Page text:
J Biol Regul Homeost Agents. 2018 Sep-Oct;32(5):1335-1338.
Superficial infiltration to treat white hypomineralized defects of enamel: clinical trial with 12-month follow-up.
L. Giannetti1, A. Murri Dello Diago1, G. Silingardi1, E. Spinas2
1 Department of Paediatric Dentistry University of Modena and Reggio Emilia, Modena, Italy
2 Department of Surgical Science, University of Cagliari, Cagliari, Italy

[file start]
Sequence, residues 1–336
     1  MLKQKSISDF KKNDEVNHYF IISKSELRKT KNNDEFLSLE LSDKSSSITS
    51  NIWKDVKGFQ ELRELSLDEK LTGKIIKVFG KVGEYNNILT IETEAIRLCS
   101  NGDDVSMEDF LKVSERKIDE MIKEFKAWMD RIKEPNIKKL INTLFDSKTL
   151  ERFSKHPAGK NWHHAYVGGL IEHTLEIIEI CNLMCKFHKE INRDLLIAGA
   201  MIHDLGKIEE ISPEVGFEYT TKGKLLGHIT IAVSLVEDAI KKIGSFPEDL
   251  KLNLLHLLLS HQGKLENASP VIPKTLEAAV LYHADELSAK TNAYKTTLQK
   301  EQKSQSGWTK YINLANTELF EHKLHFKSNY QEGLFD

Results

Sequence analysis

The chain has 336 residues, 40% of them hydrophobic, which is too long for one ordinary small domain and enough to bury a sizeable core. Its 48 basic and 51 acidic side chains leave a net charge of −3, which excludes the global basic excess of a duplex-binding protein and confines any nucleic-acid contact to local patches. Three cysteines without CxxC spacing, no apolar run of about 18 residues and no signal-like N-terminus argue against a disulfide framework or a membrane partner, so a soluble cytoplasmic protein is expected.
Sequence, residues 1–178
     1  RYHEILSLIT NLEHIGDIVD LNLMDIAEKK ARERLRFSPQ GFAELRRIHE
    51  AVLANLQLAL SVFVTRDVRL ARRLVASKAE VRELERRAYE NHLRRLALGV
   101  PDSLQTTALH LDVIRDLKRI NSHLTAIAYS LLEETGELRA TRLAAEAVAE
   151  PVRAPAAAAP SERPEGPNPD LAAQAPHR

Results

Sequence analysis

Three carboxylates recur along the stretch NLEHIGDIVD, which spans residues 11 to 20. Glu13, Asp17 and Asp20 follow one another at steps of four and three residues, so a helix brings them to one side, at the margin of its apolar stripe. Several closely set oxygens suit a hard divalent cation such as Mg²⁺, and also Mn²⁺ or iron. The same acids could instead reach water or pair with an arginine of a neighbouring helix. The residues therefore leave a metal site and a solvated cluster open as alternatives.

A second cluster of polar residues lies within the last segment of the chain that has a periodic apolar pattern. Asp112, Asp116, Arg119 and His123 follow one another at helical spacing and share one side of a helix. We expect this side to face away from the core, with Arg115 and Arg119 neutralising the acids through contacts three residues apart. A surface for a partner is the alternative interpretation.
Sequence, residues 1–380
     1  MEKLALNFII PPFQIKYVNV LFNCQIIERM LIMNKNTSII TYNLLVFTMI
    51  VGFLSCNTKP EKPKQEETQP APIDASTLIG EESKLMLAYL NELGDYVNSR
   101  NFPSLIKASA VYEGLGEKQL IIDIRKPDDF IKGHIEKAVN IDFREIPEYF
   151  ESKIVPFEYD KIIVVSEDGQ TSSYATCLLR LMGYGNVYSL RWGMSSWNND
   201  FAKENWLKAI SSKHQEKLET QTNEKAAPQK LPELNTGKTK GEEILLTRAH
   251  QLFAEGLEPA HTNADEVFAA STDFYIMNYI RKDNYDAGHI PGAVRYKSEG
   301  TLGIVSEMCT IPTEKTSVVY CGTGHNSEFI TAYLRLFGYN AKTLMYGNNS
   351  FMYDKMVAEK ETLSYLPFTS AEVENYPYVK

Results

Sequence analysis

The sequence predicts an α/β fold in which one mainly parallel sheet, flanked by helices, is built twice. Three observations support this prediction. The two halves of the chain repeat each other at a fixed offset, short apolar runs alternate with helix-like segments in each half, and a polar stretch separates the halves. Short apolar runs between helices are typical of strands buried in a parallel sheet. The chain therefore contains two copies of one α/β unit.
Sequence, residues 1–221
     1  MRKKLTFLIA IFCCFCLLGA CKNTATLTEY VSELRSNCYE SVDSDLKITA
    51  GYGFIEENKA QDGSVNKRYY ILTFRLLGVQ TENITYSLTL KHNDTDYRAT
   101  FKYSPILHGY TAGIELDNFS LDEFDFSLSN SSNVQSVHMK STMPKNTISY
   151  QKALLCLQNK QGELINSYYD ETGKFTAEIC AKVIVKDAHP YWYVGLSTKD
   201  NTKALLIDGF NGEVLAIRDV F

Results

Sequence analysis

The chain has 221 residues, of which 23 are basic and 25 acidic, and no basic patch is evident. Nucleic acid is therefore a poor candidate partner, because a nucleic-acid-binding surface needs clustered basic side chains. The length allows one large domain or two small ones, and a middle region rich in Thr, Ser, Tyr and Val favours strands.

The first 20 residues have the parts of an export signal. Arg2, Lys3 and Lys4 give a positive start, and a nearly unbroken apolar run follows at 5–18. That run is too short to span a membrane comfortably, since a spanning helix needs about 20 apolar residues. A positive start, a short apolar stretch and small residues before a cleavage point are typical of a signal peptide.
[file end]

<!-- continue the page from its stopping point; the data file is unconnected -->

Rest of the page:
Hypomineralization represents one of the most common defects in tooth crowns. Thanks to a wide understanding of aesthetics, patients request a treatment to resolve these defects. Different techniques are available, such as crowns/veneers, traditional restorative treatments, microabrasion, whitening, remineralizing agents and infiltration technique. The objective of this trial is to assess the effectiveness of superficial infiltration with Icon (DMG, Hamburg, Germany) on the attenuation of crown hypomineralized lesions of various etiological origins with a 12-month follow-up. Seventeen patients with white defects of enamel in the aesthetic sector were selected. The infiltration procedure was carried out following the manufacturer’s instructions. Intraoral photographs were taken before and directly after treatment in order to document the immediate change in colour. Check-ups were performed 1 and 12 months later. All the defects which were treated showed a degree of attenuation. The teeth affected by molar incisor hypomineralization (MIH) showed partial attenuation in 8 cases, and only in one case the defect disappeared. Regarding the post-trauma cases, 6 were partially attenuated and 2 disappeared. The post orthodontic defects disappeared in 6 cases and were attenuated in 5. All incipient caries defects were completely hidden. Four out of 6 cases of fluorosis disappeared. Diagnosis plays a key role in guiding the dental clinical selection of treatment. While it has always been possible to achieve a high level of attenuation in cases of fluorosis and lesions of caries origin, cases of MIH should probably be treated using more invasive techniques. Post-trauma lesions should be infiltrated with caution, and only after having informed the patient of the possible ineffective outcome.